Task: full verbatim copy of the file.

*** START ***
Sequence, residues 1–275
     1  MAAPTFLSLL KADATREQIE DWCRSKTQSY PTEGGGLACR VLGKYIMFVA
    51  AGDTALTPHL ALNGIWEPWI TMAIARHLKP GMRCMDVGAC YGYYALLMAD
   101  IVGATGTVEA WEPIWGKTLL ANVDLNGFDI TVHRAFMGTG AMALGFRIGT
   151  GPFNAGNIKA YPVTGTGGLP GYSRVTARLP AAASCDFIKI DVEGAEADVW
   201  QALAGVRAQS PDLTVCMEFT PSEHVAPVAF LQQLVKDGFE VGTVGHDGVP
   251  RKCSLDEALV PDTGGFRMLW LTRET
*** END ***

Sequence, residues 1–275
     1  MAAPTFLSLL KADATREQIE DWCRSKTQSY PTEGGGLACR VLGKYIMFVA
    51  AGDTALTPHL ALNGIWEPWI TMAIARHLKP GMRCMDVGAC YGYYALLMAD
   101  IVGATGTVEA WEPIWGKTLL ANVDLNGFDI TVHRAFMGTG AMALGFRIGT
   151  GPFNAGNIKA YPVTGTGGLP GYSRVTARLP AAASCDFIKI DVEGAEADVW
   201  QALAGVRAQS PDLTVCMEFT PSEHVAPVAF LQQLVKDGFE VGTVGHDGVP
   251  RKCSLDEALV PDTGGFRMLW LTRET